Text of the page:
• Childhood Abuse, Intimate Partner Violence and Risk of Migraine Among Pregnant Women: An Epidemiologic Study

      Gelaye, Bizu; Do, Ngan; Avilla, Samantha; Carlos Velez, Juan; Zhong, Qiu-Yue; Sanchez, Sixto E.; Lee Peterlin, B.; Williams, Michelle A.; Department of Epidemiology; Harvard T. H. Chan School of Public Health; Boston MA USA; Department of Epidemiology; Harvard T. H. Chan School of Public Health; Boston MA USA; Department of Epidemiology; Harvard T. H. Chan School of Public Health; Boston MA USA; Asociación Chilena De Seguridad; Hospital del Trabajador; Santiago Chile; Department of Epidemiology; Harvard T. H. Chan School of Public Health; Boston MA USA; Asociación Civil PROESA; Lima Peru; Department of Neurology; Johns Hopkins University School of Medicine; Baltimore MD USA; Department of Epidemiology; Harvard T. H. Chan School of Public Health; Boston MA USA; bgelaye@hsph.harvard.edu (John Wiley & Sons, Inc., 2016-06-07)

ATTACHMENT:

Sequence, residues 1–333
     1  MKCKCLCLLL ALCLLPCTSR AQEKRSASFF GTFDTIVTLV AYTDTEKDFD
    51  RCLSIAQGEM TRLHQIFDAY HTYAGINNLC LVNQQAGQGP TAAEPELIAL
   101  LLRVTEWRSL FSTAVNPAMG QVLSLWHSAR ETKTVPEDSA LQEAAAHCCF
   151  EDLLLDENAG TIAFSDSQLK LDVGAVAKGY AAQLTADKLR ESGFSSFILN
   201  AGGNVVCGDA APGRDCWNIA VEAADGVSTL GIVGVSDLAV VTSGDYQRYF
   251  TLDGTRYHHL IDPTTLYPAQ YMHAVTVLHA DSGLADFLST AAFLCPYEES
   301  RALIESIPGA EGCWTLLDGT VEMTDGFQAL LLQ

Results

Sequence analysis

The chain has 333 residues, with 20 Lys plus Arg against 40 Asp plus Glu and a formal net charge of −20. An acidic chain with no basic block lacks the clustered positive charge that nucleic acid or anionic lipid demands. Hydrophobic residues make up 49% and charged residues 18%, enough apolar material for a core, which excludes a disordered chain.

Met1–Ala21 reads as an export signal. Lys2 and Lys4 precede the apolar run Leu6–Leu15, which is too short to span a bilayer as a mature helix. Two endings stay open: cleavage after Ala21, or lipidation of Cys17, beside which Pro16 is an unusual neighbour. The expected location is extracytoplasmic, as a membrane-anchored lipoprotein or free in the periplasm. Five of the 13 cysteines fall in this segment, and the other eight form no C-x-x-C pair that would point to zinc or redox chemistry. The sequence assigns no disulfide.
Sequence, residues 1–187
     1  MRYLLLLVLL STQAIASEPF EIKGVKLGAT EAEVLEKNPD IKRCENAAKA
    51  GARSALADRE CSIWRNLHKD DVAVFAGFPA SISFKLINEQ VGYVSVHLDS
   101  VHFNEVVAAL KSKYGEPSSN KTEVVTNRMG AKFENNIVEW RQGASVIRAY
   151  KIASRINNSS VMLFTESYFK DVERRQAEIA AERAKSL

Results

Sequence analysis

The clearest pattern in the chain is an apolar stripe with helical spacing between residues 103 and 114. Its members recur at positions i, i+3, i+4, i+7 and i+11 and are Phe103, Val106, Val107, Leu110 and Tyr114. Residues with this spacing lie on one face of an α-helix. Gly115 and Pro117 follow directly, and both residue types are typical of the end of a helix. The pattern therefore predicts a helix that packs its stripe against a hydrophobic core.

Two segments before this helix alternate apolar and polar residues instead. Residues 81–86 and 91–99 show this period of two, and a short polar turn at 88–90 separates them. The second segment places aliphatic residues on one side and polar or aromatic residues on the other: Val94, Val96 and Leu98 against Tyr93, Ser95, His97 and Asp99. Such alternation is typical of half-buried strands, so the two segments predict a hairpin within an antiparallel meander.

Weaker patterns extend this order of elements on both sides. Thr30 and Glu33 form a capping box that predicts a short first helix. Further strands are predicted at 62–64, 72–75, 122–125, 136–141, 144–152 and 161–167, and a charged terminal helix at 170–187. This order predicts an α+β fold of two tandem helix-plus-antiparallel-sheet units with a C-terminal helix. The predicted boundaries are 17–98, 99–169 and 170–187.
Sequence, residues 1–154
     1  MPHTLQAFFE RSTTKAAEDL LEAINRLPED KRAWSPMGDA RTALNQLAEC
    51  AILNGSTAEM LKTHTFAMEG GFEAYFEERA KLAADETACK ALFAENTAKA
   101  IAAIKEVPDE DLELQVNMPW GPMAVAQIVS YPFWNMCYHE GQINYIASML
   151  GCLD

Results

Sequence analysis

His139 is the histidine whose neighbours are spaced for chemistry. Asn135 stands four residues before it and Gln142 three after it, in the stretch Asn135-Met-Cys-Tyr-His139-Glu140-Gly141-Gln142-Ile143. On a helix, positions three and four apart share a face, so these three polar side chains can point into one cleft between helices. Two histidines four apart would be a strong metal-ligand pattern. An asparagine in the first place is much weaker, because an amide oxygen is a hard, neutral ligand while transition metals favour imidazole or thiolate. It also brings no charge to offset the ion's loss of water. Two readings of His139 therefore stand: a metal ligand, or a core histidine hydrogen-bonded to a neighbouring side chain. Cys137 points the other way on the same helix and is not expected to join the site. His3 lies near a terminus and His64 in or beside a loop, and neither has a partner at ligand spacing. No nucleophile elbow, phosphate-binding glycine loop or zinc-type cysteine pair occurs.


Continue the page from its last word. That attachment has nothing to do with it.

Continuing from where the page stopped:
Objective To examine the independent and joint associations of childhood abuse and intimate partner violence with migraine among pregnant women. Background Childhood abuse and intimate partner violence have each been associated with migraine headaches in previous studies, but these associations have not been explored among pregnant women. Methods A cross-sectional study was conducted among a cohort of 2970 pregnant women attending prenatal clinics in Lima, Peru. History of childhood abuse (ie, physical or sexual abuse) was assessed using the Childhood Physical and Sexual Abuse Questionnaire. Intimate partner violence (IPV) was assessed using the World Health Organization questionnaire. Migraine classification (including migraine and probable migraine) was based on International Classification of Headache Disorders (ICHD)-III beta criteria. Multivariable logistic regression analyses were performed to estimate odd ratios (OR) and 95% confidence intervals (95% CI). Results The prevalence of any migraine was 33.5% while approximately 70% of participants reported a history of childhood abuse and 36.7% a history of IPV. Women with a history of any childhood abuse had a 38% increased odds of any migraine compared to women with no history of childhood abuse (OR = 1.38; 95% CI 1.15-1.64). The odds of migraine increased with increasing numbers of experienced childhood abuse events (Ptrend < .001). Additionally, after adjusting for confounders women with a history of IPV had a 43% increased odds of any migraine as compared to women without intimate partner violence (OR = 1.43; 95%CI 1.02-2.02). Women with a joint positive history of childhood abuse and IPV, as compared with the reference group, had a 88% increased odds of migraine (aOR = 1.88, 95%CI: 1.51-2.35). Conclusion Childhood abuse and IPV are associated with increased odds of migraine in pregnant women. Our findings highlight the importance of screening for abuse among pregnant migraineurs to help guide treatment strategies.
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